Obesity, hypertension, and diabetes

Woes of a

Retired Athlete

By: Lcda. Luciana Linárez. Physiotherapist.

It is very common that retired athletes gain weight, this problem starts to appear a few years after finishing their sport career. The weight gained is accompanied by other problems, hypertension and diabetes being the most common. This is caused mainly by the abrupt changes in their physical habits without making adaptations.

Impact of a Sedentary Lifestyle

For an athlete to become elite, their body generates a series of adaptive changes, pushing the body to different levels of physical and psychological stress throughout the years; which brings cardiac, hemodynamic, muscular and nutritional adaptations. If the athlete shifts to a sedentary lifestyle without detraining, these changes become harmful for the athlete.

Conditions

An average individual manages ​​lower values than an athlete; if a sedentary individual handles those same values ​​in its body, problems arise, such as hypertension, diabetes, metabolic illness, arrhythmias, heart attack, anxiety disorders, and obesity among others.

There are forms to adapt to these drastic changes: The athlete must go through a stage of detraining, that is, the process where capabilities are lost generated with training, there are two types: there is one of short duration that lasts 4 weeks and the other lasts longer than 4 weeks.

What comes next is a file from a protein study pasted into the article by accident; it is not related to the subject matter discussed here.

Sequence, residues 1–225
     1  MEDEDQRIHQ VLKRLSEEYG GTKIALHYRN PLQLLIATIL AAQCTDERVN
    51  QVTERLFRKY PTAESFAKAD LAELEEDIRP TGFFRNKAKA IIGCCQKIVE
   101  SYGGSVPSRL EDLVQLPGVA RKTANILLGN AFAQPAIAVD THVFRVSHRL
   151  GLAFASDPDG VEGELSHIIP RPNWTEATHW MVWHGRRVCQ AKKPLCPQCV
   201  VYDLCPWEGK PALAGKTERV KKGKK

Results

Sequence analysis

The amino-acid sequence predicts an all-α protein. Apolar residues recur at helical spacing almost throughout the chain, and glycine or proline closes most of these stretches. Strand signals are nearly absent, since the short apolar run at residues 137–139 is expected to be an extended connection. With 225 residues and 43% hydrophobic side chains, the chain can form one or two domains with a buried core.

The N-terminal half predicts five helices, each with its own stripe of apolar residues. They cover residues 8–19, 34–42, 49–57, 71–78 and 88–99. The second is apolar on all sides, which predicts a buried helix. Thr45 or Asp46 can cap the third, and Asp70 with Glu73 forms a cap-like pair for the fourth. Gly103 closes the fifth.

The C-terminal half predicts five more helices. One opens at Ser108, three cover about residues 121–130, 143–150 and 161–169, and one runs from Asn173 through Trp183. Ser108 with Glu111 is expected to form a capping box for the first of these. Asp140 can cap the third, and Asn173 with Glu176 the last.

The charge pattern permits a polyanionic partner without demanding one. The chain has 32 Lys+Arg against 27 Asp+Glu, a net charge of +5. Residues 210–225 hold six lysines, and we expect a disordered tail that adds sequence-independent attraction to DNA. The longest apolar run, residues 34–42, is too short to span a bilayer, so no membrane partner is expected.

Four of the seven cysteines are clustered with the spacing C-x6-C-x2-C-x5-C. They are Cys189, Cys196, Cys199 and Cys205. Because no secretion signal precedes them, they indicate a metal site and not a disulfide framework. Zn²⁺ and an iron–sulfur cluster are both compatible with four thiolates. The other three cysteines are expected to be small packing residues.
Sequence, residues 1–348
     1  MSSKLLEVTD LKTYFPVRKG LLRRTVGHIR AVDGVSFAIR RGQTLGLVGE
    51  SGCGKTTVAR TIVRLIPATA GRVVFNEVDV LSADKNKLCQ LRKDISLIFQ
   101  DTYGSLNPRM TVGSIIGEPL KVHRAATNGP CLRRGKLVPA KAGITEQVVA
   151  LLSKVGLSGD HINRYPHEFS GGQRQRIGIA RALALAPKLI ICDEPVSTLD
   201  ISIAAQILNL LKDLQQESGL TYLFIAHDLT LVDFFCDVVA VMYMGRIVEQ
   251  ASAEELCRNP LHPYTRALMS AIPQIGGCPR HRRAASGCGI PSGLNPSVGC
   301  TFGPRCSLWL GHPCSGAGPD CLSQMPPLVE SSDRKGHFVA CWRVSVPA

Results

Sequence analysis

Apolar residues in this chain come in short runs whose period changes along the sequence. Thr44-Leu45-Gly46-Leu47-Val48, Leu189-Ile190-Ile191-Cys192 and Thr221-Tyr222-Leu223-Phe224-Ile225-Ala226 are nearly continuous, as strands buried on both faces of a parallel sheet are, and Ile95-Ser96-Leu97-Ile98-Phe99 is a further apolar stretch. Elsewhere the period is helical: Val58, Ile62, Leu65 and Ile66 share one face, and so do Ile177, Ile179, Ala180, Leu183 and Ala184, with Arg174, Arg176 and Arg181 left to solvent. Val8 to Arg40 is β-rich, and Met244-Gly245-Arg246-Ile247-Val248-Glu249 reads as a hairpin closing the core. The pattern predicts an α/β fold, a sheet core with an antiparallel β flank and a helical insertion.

Breathing changes are the most important in detraining; these are going to be responsible for several changes in the body. Initially, an athlete manages 4% levels which lowers to 14% and even 20% of its capacity of maximum consumption of oxygen during detraining.

Unfavorable Changes

These changes generate a domino effect, followed by the loss of blood volume and loss of systolic volume; in consequence cardiac muscle changes occur, one of the most notorious is the decrease in the thickness of the left ventricle; also produces changes in the increase of the heart rate during the maximum effort.

There are changes in the muscle in the levels of strength and capacity of shrinkage response that are a product of the decline of mitochondrial levels, changes in muscle fibers, and decreased oxidative capabilities.

With detraining, the levels of myoglobin and glucose enzymes do not seem to be affected, this can be achieved mainly through long duration detraining.

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